The Most Eco-Friendly Cities in the United States

What makes a city eco-friendly? The definition will vary depending on who you ask, but commonly considered characteristics include well-designed public transportation systems, water quality, utilization of renewable energy sources, and the city’s relative level of air pollution. Other standards may also include the number of bike paths in a city, ordinances related to the building of new structures, an even the number of eco-friendly events held in each city.

As a result of the fluctuating criteria, each list of the top eco-friendly cities will be slightly different. However, there are cities that seem to make the cut every year, regardless of standards used. Here is a list of three cities that understand what being eco-friendly is all about.

San Francisco

The Urban Land Institute says that San Francisco beats out every other large city on the matter of per capita greenhouse gas pollution.  A number of factors contribute to San Francisco being placed at the top of the list, including its dense population, moderate to warm temperatures, and its world-renowned public transportation system.

Other eco-friendly characteristics of the ‘City by the Bay’ include its dedication to bicyclists. San Francisco has 263 miles of dedicated bike paths and lanes, a strong public and government bicycling advocacy core, as well as a wildly successful bike share program.

Additionally, in 2007, San Francisco became the first city to ban plastic bags in large supermarket and pharmacy chains. In 2012, the ban extended to all retail stores, restaurants and bakeries, and customers now must be charged ten cents for each paper or compostable bag provided by the store. The city’s goal? They want to see all consumers switch to reusable totes, and it is working. Some stores report as many as 90% of their customers load up using their own bags.


Sustainability in Chicago started back in 1909 when Daniel Hudson Burnham, the forward thinking city planner, built into his plans a permanent greenbelt around the city’s metropolitan area. As a result, there are now over 2,500,000 square feet of plant life on the city’s roof tops (including city hall and Willis Tower). In addition, about a half million new trees have been planted around the Chicago.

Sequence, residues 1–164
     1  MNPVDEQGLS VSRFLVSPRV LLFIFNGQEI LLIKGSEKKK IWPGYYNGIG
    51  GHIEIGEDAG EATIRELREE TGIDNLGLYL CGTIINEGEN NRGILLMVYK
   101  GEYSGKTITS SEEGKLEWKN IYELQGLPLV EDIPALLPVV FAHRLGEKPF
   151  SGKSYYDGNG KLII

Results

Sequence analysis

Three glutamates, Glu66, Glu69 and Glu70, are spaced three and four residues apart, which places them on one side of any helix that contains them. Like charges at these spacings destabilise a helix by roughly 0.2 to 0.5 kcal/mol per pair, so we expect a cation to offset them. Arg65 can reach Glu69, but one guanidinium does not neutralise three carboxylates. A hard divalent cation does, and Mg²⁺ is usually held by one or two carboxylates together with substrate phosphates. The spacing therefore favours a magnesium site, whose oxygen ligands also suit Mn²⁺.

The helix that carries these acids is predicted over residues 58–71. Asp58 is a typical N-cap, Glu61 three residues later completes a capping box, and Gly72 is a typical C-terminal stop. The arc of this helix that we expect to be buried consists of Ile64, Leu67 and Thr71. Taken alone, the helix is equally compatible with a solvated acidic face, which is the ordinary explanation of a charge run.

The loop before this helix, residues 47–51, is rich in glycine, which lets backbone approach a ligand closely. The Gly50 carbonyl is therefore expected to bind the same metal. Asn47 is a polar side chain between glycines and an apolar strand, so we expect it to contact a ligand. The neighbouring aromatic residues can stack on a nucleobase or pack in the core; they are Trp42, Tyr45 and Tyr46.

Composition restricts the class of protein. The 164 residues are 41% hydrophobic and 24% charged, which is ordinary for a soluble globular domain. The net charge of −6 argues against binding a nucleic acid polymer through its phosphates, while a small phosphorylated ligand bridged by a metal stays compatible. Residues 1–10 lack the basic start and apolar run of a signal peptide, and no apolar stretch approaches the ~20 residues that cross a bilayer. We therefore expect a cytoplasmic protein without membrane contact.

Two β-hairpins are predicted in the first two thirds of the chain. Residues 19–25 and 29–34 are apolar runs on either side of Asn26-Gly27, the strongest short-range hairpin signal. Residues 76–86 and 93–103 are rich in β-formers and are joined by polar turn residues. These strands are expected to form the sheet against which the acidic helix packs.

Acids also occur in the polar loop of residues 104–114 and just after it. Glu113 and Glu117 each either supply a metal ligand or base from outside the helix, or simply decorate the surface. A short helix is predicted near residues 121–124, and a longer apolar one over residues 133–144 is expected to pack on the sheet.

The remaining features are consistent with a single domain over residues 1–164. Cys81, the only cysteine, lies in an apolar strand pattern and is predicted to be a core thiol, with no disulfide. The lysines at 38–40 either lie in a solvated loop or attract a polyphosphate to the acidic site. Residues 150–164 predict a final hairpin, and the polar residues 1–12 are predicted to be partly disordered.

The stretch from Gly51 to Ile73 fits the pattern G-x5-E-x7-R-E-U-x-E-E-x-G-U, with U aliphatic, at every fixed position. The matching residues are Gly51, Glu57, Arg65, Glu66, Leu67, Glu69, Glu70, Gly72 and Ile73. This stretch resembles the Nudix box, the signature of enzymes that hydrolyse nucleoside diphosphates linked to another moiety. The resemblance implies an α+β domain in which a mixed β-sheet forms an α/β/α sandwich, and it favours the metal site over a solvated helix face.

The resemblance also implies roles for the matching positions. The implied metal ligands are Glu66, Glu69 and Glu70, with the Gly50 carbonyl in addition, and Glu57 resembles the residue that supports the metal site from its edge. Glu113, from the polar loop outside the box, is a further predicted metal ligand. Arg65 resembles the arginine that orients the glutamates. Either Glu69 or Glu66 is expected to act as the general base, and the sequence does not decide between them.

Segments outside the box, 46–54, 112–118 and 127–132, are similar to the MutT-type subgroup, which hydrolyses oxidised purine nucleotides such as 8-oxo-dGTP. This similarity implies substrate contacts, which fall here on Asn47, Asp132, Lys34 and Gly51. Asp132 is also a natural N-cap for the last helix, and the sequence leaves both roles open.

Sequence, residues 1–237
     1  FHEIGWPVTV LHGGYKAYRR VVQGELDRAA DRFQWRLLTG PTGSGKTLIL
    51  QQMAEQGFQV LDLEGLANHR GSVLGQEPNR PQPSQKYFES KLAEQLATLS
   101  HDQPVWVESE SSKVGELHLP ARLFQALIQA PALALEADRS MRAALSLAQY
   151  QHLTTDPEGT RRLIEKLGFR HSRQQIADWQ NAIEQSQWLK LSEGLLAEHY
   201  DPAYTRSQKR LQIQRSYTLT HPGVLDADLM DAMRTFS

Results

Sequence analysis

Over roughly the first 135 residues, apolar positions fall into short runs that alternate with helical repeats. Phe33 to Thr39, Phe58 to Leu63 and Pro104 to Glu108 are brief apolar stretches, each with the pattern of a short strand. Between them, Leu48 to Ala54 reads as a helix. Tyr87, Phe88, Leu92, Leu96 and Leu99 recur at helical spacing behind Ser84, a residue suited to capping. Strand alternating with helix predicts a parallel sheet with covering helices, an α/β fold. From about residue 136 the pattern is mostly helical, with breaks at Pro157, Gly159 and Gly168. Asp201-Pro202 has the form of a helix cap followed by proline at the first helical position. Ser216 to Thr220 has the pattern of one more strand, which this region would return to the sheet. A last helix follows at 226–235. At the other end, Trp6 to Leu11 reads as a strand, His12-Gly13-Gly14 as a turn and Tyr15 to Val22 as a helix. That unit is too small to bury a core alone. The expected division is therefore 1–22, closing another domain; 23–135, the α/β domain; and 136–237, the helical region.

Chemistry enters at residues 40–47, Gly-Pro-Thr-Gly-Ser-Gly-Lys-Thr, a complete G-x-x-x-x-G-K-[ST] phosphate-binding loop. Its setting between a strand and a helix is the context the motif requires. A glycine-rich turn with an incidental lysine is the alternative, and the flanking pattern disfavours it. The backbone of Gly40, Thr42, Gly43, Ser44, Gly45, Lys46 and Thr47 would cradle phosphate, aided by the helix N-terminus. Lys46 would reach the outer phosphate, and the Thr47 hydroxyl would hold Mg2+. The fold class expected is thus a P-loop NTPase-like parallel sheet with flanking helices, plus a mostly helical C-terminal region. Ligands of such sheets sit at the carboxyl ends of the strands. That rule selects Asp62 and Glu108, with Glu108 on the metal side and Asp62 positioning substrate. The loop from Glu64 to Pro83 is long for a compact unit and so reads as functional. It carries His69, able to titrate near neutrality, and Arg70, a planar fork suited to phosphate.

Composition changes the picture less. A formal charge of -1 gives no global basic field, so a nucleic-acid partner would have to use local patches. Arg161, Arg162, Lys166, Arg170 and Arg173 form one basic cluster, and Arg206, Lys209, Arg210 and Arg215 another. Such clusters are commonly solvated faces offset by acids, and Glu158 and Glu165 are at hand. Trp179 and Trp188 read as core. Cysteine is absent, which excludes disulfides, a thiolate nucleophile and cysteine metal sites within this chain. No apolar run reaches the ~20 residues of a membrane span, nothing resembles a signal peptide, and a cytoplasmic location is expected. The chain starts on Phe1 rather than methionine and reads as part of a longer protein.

Just as in San Francisco, the public transportation system in Chicago is lauded as one of the nation’s best. The city also has a walk score of 75, which easily puts it in the top ten of walkable U.S. cities. Of course, pedestrian dangers are a concern, just like everywhere else, but awareness and vigilance go a long way in reducing risk of injury.

Chicago’s ‘2015 Sustainable Chicago’ plan is an aggressive strategy that focuses on every aspect of potential improvement in its citizen’s quality of life. The city’s ongoing efforts in areas, including energy, waste and recycling, and transportation, as well as Chicago’s Climate Action Plan, means that it is moving forward with continued development in a way that honors the environment.


The city of Cleveland, Ohio makes the list for a number of reasons, most notably their Sustainable Cleveland 2019 program, which includes a Climate Action Plan. The plan focuses on nearly every conceivable way a city can become more eco-friendly (ex: land use, renewable energy, community involvement, resource conservation). A highlight of Cleveland’s plan is their community aggregation program which allows citizens and small businesses to receive 100% of their energy from renewable sources, with a bonus incentive of a 21% savings on the market rate for electricity. Since its inception in June 2013, more than 65,000 households and small businesses have signed up for the program.

Cleveland is also holding its own city government accountable with its Sustainable Cleveland Municipal Action Plan. Highlights of the plan include reducing the city’s fleet motor fuel costs and emissions, lowering water consumption, and constructing high performing-low energy use buildings, among other initiatives. The city’s goal is to incrementally lower its level of greenhouse gas emissions 45% by 2030.

The city is also currently assessing the viability of a bike share program, and has plans to add an additional 70 miles of bike paths to its already expansive network of bike paths and lanes. Just as with any more of transportation, though, there is a potential for injury. So, be sure to follow all rules of the road. If worse comes to worse and you are injured while riding your bike, don’t hesitate to call a Cleveland personal injury lawyer!

The three cities that are listed above are examples of government taking positive and aggressive actions to make their cities more eco-friendly. Community involvement, including promoting recycling and reduced waste efforts, as well as bicycling, walking and the use of public transportation, is at the heart of each plan. So, what are you and your city doing to make your town more eco-friendly?



Your Name:
Your Comment:
Please enter the text from the image in the box below: